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How many shares can you transfer to your wife?

Where is the guidance to know how many shares as a maximum can you give to your partner?

Didn't find your answer?

This is my first post so "hello" to everyone in advanced. 

I am ACCA but I work as an internal auditor so my knowledge of "practice accounting" is limited. 

I have a friend who wants to establish a limited company that will provide IT services. It will be just him working as a contractor.
Given I am the only accountant he knows, he asked me if he could put 100% of the company shares under the name of his wife, given she does not work and he is fully employed there would be tax savings as a couple. 

Before I referred him to a professional practice accountant I tried to solve the quetion for him.

Although I warned him of the disadvantages of this share structure in the case they divorce in the future, I could not find any information about the allowed or disallowed share structures in a limited company. I have seen on internet some examples of 100% controlling shareholders transferring 50% shares of their limited company to a partner, but I have not found any case where they actually transfer 100% of the shares. 

Is there any rules to follow on the share structure of a 1 employee company? And also where could I find this information (ei Companies Act, HMRC guidance, etc) 

Thank you very much.

Oscar

 

Replies (8)

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By Tax Dragon
07th Aug 2020 09:35

Hello Oscar.

OGY wrote:

Before I referred him to a professional practice accountant I tried to solve the quetion for him.

Why? Did you think the professional practice accountant wouldn't be able to?

To answer your question... there is no such guidance. That's why you can't find it. If he wants his partner to have 100% (and his partner accepts the shares), he can do that. It's not illegal!

It's possible that dividends on those shares will be taxable on him, but that's a whole different question. I would suggest you refer him to the practice accountant for advice on that issue.

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Replying to Tax Dragon:
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By OGY
07th Aug 2020 12:02

Hello Tax Dragon

Besides it seems from your response the best option is to ask to a tax accountant you still took the time to reply in detail, so thanks a lot for your time.

The reason why I tried to solve it on my own first was due to I thought it could be a straight forward answer if I had a rule or Law in front of me.

Funnily enough I have just called my friend to tell him he has to contact a practice accountant and he has told me he had already contacted an accountant yesterday (I was not aware of this when I posted it).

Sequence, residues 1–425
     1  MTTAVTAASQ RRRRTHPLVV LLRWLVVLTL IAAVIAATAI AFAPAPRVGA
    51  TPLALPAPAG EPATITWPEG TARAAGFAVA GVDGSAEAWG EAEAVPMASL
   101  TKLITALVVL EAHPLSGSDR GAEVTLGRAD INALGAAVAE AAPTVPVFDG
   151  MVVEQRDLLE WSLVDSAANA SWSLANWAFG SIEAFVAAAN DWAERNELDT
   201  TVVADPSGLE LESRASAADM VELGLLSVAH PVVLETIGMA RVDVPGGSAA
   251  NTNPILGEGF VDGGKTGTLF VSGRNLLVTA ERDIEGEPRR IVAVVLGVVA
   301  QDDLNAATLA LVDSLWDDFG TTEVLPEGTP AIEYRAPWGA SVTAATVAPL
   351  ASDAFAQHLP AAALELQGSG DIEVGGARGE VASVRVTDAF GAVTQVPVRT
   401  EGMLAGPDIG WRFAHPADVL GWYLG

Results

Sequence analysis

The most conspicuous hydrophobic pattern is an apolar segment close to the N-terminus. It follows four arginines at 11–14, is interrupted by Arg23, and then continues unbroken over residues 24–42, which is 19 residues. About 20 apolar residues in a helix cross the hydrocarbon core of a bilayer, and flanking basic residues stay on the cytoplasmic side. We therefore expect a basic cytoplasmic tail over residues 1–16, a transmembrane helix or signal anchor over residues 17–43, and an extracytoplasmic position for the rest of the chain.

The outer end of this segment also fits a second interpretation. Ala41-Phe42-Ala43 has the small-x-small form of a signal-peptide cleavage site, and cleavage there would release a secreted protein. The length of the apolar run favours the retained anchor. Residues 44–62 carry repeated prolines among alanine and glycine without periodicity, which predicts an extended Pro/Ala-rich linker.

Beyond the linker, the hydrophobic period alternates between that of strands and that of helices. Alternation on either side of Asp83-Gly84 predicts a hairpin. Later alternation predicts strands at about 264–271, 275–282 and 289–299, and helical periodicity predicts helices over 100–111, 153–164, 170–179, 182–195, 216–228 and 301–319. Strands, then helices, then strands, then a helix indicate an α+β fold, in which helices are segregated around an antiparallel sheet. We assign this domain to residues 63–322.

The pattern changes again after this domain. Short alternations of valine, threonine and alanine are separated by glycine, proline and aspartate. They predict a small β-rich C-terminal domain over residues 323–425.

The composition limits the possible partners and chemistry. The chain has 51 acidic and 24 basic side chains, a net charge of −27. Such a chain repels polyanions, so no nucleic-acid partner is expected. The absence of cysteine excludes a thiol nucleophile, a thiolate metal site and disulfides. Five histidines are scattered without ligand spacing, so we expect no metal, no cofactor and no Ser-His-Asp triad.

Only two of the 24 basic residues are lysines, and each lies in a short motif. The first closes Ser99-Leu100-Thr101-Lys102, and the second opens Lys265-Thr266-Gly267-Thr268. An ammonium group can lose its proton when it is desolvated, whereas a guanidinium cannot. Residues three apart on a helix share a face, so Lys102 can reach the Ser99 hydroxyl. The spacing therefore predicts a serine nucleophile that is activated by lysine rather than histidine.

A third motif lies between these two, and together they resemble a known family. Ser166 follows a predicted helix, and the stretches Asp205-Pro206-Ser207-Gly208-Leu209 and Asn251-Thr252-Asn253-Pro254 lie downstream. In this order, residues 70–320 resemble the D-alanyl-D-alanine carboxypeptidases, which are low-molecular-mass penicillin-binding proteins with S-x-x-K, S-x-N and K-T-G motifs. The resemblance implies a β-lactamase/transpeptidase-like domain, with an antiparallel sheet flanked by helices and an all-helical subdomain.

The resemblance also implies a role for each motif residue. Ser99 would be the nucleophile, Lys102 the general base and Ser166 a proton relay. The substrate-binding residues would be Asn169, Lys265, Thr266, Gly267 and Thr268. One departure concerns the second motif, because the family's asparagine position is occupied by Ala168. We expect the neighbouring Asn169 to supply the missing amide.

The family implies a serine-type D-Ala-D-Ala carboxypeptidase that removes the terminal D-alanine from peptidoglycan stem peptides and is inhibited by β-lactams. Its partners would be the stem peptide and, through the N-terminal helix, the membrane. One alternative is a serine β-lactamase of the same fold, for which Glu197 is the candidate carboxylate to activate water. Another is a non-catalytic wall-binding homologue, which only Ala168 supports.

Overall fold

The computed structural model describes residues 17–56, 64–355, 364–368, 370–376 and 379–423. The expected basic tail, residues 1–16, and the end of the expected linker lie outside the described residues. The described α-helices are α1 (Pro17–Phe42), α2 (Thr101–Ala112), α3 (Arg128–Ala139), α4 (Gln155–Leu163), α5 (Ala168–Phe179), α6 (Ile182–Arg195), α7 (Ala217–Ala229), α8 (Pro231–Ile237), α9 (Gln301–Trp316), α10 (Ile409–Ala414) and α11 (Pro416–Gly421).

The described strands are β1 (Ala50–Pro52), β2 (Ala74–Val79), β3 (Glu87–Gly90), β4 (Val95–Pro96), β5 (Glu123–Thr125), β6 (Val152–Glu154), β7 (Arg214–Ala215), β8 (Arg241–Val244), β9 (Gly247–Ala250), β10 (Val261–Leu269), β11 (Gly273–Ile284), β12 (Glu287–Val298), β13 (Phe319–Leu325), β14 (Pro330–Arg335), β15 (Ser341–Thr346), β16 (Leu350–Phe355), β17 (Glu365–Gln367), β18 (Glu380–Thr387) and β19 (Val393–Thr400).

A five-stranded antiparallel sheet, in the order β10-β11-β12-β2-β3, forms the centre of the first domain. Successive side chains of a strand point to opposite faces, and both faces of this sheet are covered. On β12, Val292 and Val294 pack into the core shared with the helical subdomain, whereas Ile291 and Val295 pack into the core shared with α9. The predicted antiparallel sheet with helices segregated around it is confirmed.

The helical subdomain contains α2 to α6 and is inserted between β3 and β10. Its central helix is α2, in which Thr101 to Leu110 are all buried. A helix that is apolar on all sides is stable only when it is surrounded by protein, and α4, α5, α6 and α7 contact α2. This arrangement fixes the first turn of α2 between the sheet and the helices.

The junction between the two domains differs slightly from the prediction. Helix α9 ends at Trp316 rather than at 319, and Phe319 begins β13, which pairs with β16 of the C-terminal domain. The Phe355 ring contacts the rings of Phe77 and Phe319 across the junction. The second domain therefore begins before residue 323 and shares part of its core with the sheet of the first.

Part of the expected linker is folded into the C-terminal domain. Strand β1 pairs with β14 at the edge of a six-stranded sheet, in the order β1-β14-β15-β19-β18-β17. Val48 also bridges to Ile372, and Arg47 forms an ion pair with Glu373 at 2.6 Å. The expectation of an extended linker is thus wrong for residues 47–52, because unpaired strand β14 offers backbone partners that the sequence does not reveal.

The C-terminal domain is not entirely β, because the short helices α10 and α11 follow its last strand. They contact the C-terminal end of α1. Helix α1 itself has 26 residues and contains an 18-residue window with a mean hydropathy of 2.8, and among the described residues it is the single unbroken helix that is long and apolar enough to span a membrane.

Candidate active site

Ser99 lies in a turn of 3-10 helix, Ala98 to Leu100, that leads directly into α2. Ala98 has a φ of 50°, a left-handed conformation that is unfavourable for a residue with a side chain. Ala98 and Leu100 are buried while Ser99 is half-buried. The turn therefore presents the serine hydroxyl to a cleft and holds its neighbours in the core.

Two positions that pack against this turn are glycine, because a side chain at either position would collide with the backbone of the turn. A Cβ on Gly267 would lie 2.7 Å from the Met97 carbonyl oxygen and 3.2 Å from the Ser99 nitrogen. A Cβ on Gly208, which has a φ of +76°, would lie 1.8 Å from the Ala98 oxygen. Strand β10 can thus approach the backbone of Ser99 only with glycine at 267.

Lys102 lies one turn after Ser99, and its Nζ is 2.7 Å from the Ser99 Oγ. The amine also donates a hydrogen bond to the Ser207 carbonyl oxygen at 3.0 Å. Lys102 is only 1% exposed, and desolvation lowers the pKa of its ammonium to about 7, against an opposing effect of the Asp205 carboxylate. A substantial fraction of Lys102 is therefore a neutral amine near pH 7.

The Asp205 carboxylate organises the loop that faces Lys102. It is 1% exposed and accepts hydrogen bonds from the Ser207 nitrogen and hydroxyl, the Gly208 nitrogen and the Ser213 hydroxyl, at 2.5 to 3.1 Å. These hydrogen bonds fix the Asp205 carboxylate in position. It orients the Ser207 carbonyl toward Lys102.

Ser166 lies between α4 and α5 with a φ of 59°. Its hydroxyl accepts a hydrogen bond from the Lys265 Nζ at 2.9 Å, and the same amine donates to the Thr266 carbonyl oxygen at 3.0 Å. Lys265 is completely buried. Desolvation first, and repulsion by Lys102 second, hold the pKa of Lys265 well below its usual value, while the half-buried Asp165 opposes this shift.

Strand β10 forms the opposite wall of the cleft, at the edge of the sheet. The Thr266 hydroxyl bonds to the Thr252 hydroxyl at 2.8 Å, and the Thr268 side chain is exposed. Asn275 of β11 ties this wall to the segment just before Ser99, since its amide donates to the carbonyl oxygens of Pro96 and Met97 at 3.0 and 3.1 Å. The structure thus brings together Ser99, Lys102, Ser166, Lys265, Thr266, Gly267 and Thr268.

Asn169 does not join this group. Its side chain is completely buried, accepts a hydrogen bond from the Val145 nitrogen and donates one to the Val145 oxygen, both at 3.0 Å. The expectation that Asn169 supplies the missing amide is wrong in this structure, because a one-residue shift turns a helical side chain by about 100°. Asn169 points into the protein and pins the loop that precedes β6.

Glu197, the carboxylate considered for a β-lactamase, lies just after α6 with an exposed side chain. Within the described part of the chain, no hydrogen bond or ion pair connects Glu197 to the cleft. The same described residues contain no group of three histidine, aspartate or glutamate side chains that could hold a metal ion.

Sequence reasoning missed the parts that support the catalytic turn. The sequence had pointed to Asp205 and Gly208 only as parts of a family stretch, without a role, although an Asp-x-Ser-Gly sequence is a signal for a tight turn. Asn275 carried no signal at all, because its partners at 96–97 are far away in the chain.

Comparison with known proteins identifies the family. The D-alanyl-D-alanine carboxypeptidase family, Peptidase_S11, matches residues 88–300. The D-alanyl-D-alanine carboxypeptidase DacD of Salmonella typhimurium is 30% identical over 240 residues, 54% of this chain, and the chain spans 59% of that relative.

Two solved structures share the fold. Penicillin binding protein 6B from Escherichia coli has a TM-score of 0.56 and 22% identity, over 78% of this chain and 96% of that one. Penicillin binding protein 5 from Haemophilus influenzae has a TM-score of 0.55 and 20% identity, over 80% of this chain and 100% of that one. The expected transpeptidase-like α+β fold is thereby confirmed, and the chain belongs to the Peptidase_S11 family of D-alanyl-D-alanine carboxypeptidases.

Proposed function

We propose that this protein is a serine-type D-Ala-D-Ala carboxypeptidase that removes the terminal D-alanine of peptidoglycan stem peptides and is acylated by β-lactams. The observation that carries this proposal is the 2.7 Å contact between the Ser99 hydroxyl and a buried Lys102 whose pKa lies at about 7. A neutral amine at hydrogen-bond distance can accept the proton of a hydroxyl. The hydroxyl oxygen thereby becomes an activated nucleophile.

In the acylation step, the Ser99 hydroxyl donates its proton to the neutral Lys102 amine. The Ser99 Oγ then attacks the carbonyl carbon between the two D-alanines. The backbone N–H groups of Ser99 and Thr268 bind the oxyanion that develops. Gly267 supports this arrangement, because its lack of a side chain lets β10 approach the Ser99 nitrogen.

The accountant has told him that an 80% for him / 20% for his partner would be ok although he did not explain to him why which left my friend with some doubts.

So he is thinking of contacting a second accountant now!

I will update the post next week if I have any update.

Thanks to the other people that have replied too.
Oscar

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Replying to OGY:
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By Tax Dragon
07th Aug 2020 12:16

The (income) tax treatment won't depend on the split; 80/20, 50/50, 0/100... it's simply not tested in (income) tax law - at least, not anywhere that I can think of off the top of my head. [I specify income tax because there could be capital tax consequences to different splits. And as DJKL says, there may well be other issues that are not even being considered at the moment.]

If I was your friend, I would not take free advice whether in a phone call with an (unengaged) accountant or from a forum (this or others).

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By tom123
07th Aug 2020 10:36

Bear in mind the adage "if something looks too good to be true, it usually is".

Like you, I am an 'industry' accountant, and learned a long time ago not to go anywhere near even hinting bits of advice to friends or family.

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Hallerud at Easter
By DJKL
07th Aug 2020 11:18

The contractor facet of the company's operations may add a further layer of complexity to any solution offered/proposed.

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By OGY
26th Aug 2020 18:48

Hi, just to give an update and thank everyone who posted.
My friend went to a professional accountant who charged him £100 and assessed his situation.
The accountant asked him several questions about his family and the future of the business and he decided the most suitable company structure was 50/50.
He mentioned as some of you did too, that the structure has to be taylored to the needs of each individual so no straight forward answer.

Thanks again.
Kind regards

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Replying to OGY:
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By tom123
26th Aug 2020 21:04

Not really sure that will fly, however.

Still, you won't get the fallout, so that's good.

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Replying to tom123:
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By OGY
26th Aug 2020 22:10

Thank you Tom. At least looked more professional than my first comment to him telling him "I think 100% to your wife is allowed but let me research about it" :)

Thank you all and I leave the post as closed.

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